Public enemies; don't believe the hype

The norm in England over recent weeks has been football on Saturday, football scandal on Sunday.  Is this the fault of players or media?  David Hartrick just wants to get back to football.

So,  a fortnight on and with the dust settling on Wayne Rooney’s alleged bedroom shenanigans, what have we learnt from the media outcry?

To paraphrase -Wayne Rooney is a sex crazed, cigarette addicted, prostitute bothering scumbag, Coleen Rooney is one friendship with Cheryl Cole away from sainthood, and football is a morally bankrupt vacuum.

Allegedly.

The reaction to the Rooney scandal has been typically hysterical from the red tops, and typically condemnatory from the ‘quality’ press. It has brought comment from such football luminaries as Vanessa Feltz, Kerry Katona, and Wayne’s own boob-jobbed and fame hungry cousin Natalie. Whatever the truth at the base of the allegations there are only three things we can say with absolute certainty at the current time –

1. The headlines will not be helping the Rooney’s marriage.
2. The headlines will not be helping Wayne Rooney’s state of mind on the pitch.
3. Since the story broke, John Terry’s slept like a baby.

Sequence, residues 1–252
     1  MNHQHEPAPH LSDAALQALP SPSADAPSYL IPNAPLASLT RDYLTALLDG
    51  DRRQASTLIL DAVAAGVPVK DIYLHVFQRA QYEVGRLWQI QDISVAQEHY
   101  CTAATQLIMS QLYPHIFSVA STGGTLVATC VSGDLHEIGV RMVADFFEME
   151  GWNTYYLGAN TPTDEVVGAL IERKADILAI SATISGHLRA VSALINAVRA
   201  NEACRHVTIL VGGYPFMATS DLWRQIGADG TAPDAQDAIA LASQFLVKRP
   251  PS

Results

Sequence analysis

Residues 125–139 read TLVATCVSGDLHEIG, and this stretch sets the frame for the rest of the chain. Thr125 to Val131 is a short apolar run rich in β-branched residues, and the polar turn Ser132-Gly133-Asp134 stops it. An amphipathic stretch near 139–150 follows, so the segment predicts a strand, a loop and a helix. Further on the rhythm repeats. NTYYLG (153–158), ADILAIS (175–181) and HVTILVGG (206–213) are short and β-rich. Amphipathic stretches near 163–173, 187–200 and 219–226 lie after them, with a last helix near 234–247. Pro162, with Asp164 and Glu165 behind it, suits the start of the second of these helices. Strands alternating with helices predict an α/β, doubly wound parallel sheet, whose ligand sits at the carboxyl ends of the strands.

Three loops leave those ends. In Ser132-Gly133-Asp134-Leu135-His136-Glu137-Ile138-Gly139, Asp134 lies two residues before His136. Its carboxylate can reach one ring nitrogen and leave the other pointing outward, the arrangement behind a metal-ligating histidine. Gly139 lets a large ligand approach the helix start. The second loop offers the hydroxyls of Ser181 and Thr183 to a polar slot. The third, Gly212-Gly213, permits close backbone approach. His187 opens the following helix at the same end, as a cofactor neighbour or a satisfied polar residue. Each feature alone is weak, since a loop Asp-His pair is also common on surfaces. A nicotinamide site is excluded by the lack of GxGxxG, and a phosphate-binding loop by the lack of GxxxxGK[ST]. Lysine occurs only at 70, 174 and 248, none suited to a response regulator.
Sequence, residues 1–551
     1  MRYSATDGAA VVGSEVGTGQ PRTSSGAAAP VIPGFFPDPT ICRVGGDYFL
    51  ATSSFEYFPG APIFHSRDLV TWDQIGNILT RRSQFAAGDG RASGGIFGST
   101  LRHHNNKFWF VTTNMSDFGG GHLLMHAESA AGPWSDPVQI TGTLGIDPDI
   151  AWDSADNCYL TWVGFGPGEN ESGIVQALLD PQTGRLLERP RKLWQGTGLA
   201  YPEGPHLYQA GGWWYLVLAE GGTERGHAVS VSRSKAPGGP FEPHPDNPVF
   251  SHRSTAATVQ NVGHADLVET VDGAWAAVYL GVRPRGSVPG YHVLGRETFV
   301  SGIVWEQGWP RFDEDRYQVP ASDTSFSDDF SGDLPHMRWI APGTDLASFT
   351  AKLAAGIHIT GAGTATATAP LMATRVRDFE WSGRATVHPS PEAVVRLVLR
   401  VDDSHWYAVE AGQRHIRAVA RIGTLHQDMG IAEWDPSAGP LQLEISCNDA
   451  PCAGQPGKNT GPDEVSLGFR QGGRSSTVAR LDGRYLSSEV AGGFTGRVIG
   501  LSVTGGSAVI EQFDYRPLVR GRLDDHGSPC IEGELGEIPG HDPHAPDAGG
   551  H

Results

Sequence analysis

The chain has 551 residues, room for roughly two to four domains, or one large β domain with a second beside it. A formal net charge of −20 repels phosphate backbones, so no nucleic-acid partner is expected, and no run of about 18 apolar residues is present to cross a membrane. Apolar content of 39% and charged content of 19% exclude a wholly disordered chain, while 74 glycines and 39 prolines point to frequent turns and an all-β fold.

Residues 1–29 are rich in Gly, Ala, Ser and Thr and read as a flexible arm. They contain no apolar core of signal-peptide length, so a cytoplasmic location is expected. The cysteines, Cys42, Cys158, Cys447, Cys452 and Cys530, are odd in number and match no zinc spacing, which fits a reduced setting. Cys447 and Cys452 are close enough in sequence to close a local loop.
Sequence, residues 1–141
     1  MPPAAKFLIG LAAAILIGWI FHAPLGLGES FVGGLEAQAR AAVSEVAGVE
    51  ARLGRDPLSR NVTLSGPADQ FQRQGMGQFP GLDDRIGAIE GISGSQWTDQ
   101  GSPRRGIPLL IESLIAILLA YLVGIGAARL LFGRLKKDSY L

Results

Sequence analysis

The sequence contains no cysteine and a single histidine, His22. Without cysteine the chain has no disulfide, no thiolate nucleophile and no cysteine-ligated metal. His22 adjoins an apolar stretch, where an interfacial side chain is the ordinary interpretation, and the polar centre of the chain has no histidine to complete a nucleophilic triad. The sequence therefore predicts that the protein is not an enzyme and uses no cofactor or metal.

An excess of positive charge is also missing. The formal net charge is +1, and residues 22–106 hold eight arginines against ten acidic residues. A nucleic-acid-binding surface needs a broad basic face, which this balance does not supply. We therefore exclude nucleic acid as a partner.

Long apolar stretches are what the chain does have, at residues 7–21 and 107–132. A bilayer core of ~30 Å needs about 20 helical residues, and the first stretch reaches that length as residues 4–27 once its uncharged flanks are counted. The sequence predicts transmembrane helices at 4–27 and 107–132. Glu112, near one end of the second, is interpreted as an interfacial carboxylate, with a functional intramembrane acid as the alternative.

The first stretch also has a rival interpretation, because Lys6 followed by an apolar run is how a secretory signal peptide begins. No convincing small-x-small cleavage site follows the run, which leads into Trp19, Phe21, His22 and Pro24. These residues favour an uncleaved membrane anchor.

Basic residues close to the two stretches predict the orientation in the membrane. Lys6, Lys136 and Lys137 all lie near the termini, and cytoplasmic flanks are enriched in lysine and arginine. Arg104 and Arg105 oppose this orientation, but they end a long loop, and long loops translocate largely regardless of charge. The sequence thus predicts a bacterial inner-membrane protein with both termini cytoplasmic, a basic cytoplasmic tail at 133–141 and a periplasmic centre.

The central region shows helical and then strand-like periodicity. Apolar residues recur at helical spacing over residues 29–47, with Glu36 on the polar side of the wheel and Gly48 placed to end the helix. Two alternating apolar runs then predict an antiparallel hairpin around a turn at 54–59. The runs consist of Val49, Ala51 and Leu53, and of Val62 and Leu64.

Some of my highlights of the coverage have included the News of the World’s startling admission that ‘Michael Owen looked on disapprovingly’, to Adrian Durham stating on talkSPORT that although he didn’t condone Rooney’s alleged actions, he didn’t really blame him as it was clearly a lack of guidance from Manchester United that was at the root of the problem.

The reaction has of course, been mostly based in nonsense.

I am here to neither defend nor condemn Rooney’s conduct. The only comment on the subject I will personally give you is this –

Like 50% of the men and women who will have read the various allegations, I’m intelligent enough to know not to believe everything I read in the papers. The other 50% will more than likely be the sort of people who watch and enjoy Big Brother, understand Hollyoaks, and know what a ‘Lady Gaga’ is.

The Rooney story and the allegations that allegedly several other allegedly English allegedly internationals have allegedly got super allegedly injunctions allegedly out; do raise the questions several high court judges are allegedly facing at the moment. How do you classify what’s in the ‘public interest’, when the press are baying to print stories just because they know the ‘public’ is ‘interested’ in them?